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By 2020, the National Broadband Plan calls for 100 million homes to have 100Mbps Internet access, and the US should have the world’s largest “ultra-high-speed broadband testbeds.” In addition, Internet adoption rates should hit at least 90 percent—way up from the current 65 percent.
Broadband will also become a universal service like the telephone system of old—and FCC Chairman Julius Genachoswki promised that even baseline service would be faster than the 1-2Mbps currently pushed by other countries.
Genachowski provided a preview of the soon-to-be-unveiled National Broadband Plan to a meeting of state regulators gathered in DC. After months in which we’ve heard only about modest targets and worthy but mediocre goals for the NBP, Genachowski made clear that the final plan would push for “ambitious but achievable” results…
But the marquee piece of the plan will be the call for 100 million US households to use 100Mbps broadband connections by 2020. When it comes to availability, this is not actually an ambitious goal. Verizon’s FiOS already passes 12.2 million homes and could easily scale past 100Mbps today if the company wanted to do so (the company said today that it can “currently” deliver “up to 400Mbps to all customers” if it so desired). Cable already offers high-speed Internet to 120 million US homes, and inexpensive DOCSIS 3.0 upgrades have already brought 50Mbps and 100Mbps speeds to millions.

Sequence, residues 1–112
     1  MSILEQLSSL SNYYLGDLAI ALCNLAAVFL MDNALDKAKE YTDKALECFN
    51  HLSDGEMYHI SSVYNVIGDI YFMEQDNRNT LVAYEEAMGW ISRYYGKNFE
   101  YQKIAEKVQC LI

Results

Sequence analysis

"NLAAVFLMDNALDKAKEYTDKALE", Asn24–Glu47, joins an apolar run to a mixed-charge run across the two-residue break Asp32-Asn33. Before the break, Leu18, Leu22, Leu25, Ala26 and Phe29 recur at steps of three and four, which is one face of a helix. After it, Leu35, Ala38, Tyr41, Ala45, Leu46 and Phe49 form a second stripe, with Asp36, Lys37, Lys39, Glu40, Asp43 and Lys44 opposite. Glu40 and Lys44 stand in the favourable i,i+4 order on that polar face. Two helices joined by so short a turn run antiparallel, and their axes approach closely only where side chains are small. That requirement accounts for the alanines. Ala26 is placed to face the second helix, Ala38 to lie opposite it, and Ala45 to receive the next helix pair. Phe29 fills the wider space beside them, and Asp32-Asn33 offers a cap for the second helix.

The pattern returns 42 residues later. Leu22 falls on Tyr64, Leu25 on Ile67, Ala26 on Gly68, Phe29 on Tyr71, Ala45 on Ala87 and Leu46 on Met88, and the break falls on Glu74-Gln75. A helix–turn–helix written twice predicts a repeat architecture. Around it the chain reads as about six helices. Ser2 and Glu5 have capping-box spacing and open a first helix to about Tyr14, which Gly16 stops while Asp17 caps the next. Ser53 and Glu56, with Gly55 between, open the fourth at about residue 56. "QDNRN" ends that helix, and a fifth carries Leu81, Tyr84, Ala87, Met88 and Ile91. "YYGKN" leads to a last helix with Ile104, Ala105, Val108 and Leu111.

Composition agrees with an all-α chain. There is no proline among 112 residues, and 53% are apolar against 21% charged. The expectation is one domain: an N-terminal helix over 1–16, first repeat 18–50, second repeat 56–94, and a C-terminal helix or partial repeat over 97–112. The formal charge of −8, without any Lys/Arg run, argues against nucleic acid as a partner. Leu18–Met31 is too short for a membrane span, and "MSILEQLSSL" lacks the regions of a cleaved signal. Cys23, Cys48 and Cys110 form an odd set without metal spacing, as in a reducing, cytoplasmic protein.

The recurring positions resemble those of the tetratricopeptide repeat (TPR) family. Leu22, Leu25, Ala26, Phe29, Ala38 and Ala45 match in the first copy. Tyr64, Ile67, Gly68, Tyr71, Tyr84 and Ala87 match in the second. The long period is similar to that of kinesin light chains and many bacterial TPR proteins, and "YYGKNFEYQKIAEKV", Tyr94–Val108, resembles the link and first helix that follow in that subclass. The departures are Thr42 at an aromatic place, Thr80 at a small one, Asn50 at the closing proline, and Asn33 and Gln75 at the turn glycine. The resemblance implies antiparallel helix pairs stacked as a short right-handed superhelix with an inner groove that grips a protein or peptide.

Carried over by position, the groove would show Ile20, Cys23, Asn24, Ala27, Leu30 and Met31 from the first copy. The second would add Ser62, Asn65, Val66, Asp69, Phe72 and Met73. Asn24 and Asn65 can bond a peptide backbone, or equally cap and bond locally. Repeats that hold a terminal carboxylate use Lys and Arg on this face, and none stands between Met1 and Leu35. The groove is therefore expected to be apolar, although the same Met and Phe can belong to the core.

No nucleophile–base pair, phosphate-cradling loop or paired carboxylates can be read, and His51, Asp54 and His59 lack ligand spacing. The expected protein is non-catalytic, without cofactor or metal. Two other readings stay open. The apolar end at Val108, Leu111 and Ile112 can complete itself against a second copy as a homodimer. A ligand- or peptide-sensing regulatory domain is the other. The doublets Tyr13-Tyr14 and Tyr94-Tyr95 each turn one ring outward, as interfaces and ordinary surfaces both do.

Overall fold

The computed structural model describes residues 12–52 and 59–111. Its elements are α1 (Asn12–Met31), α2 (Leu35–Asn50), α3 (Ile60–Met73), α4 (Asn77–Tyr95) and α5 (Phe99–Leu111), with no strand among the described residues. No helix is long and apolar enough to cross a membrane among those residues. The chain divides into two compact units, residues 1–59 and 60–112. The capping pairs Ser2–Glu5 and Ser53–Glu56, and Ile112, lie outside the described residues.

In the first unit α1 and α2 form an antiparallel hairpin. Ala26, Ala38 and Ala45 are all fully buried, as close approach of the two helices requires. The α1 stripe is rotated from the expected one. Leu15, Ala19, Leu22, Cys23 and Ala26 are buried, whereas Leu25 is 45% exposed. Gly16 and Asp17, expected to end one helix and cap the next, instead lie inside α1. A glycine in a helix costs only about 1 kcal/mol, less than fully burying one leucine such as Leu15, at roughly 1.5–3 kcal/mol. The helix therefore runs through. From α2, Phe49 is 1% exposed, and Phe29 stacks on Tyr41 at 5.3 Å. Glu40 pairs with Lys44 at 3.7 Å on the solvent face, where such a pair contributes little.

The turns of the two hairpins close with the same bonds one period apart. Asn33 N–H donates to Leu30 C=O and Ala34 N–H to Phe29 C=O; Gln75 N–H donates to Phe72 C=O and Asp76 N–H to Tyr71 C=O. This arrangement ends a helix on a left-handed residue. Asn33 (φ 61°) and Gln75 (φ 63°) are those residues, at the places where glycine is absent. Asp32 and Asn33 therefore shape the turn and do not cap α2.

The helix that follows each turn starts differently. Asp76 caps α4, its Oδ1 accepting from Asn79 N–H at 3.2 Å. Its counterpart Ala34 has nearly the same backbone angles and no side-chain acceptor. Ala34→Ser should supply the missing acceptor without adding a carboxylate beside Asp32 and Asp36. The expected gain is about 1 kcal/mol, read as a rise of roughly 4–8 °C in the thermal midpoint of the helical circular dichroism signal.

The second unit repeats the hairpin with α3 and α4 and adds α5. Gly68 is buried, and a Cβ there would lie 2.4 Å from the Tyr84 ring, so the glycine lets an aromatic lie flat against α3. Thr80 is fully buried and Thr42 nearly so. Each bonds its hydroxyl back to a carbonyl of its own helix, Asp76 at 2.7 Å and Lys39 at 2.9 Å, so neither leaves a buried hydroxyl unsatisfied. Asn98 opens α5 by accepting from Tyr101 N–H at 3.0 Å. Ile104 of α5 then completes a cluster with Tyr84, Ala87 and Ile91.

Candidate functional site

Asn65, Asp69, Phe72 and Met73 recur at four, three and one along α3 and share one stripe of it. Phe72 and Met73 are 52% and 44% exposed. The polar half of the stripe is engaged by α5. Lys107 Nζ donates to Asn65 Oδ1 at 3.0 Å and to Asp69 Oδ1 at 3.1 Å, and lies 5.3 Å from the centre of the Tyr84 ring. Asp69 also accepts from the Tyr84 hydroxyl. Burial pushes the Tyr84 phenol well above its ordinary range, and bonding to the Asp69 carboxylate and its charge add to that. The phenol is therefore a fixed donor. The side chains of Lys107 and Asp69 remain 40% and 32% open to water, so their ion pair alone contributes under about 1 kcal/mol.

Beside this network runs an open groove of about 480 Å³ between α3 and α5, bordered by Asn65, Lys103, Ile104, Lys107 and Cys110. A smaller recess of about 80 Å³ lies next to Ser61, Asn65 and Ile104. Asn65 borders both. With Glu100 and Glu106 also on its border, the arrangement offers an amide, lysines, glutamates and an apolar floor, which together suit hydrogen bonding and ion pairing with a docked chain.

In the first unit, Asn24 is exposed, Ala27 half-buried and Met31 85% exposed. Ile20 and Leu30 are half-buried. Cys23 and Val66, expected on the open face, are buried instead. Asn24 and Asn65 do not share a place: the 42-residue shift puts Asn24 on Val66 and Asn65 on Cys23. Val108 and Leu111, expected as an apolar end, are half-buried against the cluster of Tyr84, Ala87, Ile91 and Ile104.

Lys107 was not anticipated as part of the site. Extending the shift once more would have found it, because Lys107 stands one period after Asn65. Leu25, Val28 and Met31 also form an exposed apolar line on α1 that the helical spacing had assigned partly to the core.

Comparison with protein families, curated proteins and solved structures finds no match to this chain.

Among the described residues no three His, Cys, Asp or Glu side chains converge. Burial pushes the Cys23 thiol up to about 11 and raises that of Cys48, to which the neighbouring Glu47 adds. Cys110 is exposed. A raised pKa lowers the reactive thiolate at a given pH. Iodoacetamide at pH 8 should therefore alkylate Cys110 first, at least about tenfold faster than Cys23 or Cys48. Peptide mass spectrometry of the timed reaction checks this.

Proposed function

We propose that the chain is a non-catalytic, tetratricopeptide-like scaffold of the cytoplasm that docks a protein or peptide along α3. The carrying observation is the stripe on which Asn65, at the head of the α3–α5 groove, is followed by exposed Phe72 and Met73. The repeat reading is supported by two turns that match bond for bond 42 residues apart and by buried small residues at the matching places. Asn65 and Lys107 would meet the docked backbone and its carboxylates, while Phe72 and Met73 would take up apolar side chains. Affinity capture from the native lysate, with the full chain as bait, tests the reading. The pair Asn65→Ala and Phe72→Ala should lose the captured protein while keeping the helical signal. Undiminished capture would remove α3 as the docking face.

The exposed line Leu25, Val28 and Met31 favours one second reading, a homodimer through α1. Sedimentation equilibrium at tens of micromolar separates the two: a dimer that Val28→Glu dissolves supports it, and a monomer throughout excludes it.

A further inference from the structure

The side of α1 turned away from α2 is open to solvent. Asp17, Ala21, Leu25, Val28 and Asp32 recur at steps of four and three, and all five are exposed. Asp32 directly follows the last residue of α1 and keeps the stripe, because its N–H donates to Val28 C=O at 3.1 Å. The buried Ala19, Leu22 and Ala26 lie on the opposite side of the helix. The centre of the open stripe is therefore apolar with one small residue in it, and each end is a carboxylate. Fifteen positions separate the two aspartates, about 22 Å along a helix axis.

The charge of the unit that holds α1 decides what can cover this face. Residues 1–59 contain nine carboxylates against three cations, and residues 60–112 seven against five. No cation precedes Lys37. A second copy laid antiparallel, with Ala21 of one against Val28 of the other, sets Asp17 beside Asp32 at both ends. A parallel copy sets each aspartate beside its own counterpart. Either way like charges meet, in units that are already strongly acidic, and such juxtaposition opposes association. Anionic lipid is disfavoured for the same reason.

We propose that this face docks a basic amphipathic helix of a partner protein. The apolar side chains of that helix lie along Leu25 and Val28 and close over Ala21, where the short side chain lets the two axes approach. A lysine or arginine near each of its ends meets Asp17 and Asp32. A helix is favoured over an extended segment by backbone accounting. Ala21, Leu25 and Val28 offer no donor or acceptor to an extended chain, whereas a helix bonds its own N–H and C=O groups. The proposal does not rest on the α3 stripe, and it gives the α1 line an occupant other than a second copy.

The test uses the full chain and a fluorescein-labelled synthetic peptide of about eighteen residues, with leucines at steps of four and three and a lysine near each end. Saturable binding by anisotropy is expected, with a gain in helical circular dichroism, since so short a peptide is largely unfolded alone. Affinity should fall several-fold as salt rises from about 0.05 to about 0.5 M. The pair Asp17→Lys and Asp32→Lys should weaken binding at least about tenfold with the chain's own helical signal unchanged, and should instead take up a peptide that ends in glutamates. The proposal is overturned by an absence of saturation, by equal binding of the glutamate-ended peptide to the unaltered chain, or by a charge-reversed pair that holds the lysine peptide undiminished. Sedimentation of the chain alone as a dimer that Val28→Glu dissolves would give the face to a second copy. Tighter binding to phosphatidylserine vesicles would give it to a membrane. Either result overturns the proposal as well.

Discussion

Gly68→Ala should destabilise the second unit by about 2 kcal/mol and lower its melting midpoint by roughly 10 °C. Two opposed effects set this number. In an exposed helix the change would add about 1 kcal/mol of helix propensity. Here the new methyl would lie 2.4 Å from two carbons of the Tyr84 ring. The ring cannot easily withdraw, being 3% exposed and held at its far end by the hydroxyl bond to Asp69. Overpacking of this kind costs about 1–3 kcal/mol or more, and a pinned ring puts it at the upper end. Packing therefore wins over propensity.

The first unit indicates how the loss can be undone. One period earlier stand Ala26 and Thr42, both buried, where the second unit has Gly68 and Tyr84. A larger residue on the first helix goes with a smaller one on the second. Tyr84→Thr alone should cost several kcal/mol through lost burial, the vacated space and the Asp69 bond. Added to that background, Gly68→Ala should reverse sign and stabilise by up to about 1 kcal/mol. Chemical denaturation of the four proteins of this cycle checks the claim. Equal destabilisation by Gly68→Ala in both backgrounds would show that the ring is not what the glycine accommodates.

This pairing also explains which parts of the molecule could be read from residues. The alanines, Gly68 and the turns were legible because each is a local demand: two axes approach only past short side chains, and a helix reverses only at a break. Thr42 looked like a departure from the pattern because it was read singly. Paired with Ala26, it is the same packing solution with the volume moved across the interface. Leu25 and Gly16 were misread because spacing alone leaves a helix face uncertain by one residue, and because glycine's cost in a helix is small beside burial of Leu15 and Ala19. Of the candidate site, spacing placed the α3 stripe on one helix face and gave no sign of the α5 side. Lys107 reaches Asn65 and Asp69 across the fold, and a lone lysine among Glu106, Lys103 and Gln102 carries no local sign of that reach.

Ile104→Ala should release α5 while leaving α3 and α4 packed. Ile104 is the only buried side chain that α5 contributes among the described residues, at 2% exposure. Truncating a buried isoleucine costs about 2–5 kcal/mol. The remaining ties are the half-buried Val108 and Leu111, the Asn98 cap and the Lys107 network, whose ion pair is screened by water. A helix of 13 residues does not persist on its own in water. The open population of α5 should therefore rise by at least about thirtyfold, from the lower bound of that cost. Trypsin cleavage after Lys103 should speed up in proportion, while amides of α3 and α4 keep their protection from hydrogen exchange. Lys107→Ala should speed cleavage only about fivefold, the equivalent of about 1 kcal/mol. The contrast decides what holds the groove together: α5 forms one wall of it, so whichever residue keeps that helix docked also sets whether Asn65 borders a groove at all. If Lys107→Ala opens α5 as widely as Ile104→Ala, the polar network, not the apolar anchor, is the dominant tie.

The real issue here is not availability, but uptake. Of the 12.2 million homes passed by FiOS, for instance, only 3.43 million have subscribed to the service. And, while cable already reaches millions with blazing speeds, most people are still taking much slower speed tiers. If the FCC wants to get people to use high-speed services, it needs to encourage more price competition so that we can get the sort of speed/price equation already seen in places like Hong Kong…
For Genachowski, broadband isn’t transformative in the way that interstates were transformative. No, this is bigger—think electricity—and building broadband pipes is “our generation’s great infrastructure challenge.”
The American tradition of government functioning exclusively on behalf of corporate wealth is now challenged by a flea’s worth of backbone. If the Telecom/Cable barons are a brown bear, Genachowski is a flea on the hide of a very small dog barking at that bear.
Though I reject kneejerk agreement with the dilettantes of “the big blogs” – automatic cynicism is pretty easy. Verizon, Comcast, Time-Warner and their ilk will call in all their markers among tame Congress-critters to oppose any meaningful legislation enabling mandatory line-sharing.
OTOH, not since the days of Fair Use [remember that?] have we had a White House and an FCC Chairman willing to broach topics reeking of so much economic democracy.